In reality, even with the extra supply of empty apartments there is so many active buyers demand would likely soak it all up anyway.
Further, the bank regulator has started to provide guidance on how banks should manage this transition of people coming off repayments and they will do everything possible to make sure it is a smooth transition.
It would be unbelievably bad for the banks to foreclose on people’s properties.
It will destroy their reputation even more so after the royal commission but more importantly it would destroy their profits. Self interest is a strong motivator.
It is highly likely that property prices already reached low in this cycle during this virus recession and the chance to buy at the lowest point has passed.
But opportunity still exists.
When we look back over the virus crisis and the COVID era in the context of residential property prices, it will probably show that the lowest level in prices was in the winter of 2020.
We might also see in hindsight that property prices will be up 20% over the next two to three years, which is an entirely probable scenario, so even buying now is opportune.
Right now Skyward Financial is actively working with clients to get pre-approvals so they can set their budgets and confidently go house hunting, so if you or someone you know is sitting on the fence Let’s Talk.
Solving insolvency for small business
Under new regulations and for the first time ever in Australia a small business will have a chance to trade out of insolvency.
This is similar to laws in America and allows a small business or sole trader, who owes less than $1 million to creditors, to continue to run their business and make a real effort to trade out of insolvency.
This is a drastic and fundamental change to insolvency laws and will have meaningful change to the way a small business is rescued from collapse.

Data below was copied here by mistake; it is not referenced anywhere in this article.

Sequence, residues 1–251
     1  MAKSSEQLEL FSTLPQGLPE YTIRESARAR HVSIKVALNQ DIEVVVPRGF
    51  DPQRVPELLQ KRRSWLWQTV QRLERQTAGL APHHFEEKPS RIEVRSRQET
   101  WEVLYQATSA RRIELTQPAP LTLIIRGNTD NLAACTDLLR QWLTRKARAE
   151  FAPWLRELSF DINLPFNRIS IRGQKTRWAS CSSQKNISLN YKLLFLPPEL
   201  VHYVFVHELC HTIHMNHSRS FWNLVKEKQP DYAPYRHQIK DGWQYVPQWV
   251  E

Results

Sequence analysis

A business owner will be given twenty days to draw up a plan and offer a deal to creditors. They need to pay staff all entitlements and the deal needs to accepted by creditors, but it is likely in many scenarios they would accept the offer because if a business is forced into liquidation a creditor would only see a very small return of money and would likely see more if the business got back to trading.
It is a win for the business and a win for the creditor.
Through this new policy the treasurer and government are aiming to save tens of thousands of jobs.
According to official figures there are over 900,000 micro businesses turning over less than $2 million a year, a further 82,000 businesses turning over less than $250 million and a 2,000 more with revenue over that figure all using JobKeeper.
There are a lot of business on support, and the government does not want them all collapsing at the same time.
This new law is also on top of COVID induced measures from earlier in the year protecting a small business from being put into forced receivership by creditors.
That change alone has seen administrations and insolvencies about half of what they were last year and what they would be in a “normal” environment.
Sadly, many businesses will collapse this is just offering a chance to adapt to the new normal and get back to work.
Change is the only constant.